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Newspaper Page Text
THE DAY BOOK
N. D. COCHRAN
EDITOR AND PUBLISHER.
300 S. PEORIA ST. CHICAGO, IUi.
Toltmhnnoi Editorial. Monroe SM
J KiepnuiWS circulation. Monroe 3S3
SUBSCRIPTION By Carrier In Chi
cago. 30 cents a Month. By ilall.
United States and Canada, J 3.00 a
Entered as second-class matter April
21. 1914, at the postoffice at Chicago.
111., under the Act of March 3, 1S79.
IT'S A ROTTEN GAME. The
Detroit branch of the Michigan Cen
tral roadroad hired a gang of strike
breakers during a recent strike.' After
the strike was settled the gang was
fired. Then two of the outfit handed
their recent employers a wallop by
stealing from them. They were ar
rested. In sentencing the two strikebreak
ers to ninety days in the house of
correction at Detroit, Judge (Donnelly
scored corporations for importing
thugs into the city.
"When a corporation brings an
army of strikebreakers, many of
them men with criminal records, to a
city and then turns thm loose and
the criminals steal from the corpora
tion, I can't see why the officials ex
pect the court to become wrathy be
cause of the criminals' misdeeds.
"It is Bimply a case where the
criminal bit the hand that fed him, or
the biter was bitten. The only good
thing about the matter is that the
corporation is the sufferer in, this
case and not some innocent citizens."
More power to Judge Connelly. His
act will no doubt have some good
effect in Detroit
Chicago in general should wage a
war against the importation of gangs
of crooks, loafers, etc., in the form of
strikebreakers. Every time a gang
is put to work and then let out when
the strike is gettled, crime has a
;heavy run for a s,pelL. t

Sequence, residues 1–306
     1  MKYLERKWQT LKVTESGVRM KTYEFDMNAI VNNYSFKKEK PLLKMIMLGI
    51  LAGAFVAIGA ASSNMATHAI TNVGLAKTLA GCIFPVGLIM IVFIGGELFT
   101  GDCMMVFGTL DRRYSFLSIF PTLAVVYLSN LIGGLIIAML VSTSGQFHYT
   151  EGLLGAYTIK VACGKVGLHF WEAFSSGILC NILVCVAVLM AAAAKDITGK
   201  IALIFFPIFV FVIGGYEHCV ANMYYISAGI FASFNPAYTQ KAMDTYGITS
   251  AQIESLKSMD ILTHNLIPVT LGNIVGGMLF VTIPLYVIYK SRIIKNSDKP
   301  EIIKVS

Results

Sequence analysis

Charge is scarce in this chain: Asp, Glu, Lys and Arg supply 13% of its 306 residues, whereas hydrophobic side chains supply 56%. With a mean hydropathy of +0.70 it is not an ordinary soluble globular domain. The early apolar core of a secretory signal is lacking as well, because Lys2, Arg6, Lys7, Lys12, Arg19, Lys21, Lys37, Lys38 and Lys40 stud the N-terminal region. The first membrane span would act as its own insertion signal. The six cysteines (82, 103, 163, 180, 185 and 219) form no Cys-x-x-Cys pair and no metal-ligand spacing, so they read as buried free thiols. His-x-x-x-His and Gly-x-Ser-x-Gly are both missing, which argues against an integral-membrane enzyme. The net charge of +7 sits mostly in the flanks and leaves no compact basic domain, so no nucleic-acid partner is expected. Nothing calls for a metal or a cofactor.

Imported strikebreakers are pot
noted for self-control, nor for any
amount of respect of law and order.
It is simply a case of big employers
hiring them into the city for their
own selfish interests and then turn
ing them loose to terrorize the citi
zens until they are called somewhere
else on strike duty.
It's a rotten game and should be
GOOD TASTE AND ECONOMY.--She
was a pretty little clerk in a shoe
store and she was delighted to wait
on her old teacher.
"Oh, you must have a pair of these
lovely white buckskins," she exclaim
ed. "I do not think I would care to
wear them," replied the teacher, a
woman of fine taste. "But I would
like to know what they cost,"
"Ten dollars. I'm going to buy a
"You intend to pay $10 for a pair
of fancy white shoes?" queried the
astonished elder woman, recalling
the poverty of the home in which the
"Why, yes," replied the $10-a-week
girL "All the girls are wearing them.
OF COURSE I must have some."
The teacher went away worrying
over lost opportunities.
What is our school system good
for, she wants to know, if it turns out
onr girls thousands of them with
no more sense than to put a week's
wages into a pair of shoes. Yet
worse than that is the exceedingly
bad taste of wearing fine white shoea
downtown to work at 8 a. m.
There is no use In trying to teach
economy to women, she Bays, unless
they are taught the principles of taste
in dress first of alL And .this ought
to be just as much a part of public
school training as domestic science
Visitors to the Frisco Expo spent
$4,600 on chewing gum. Oh! those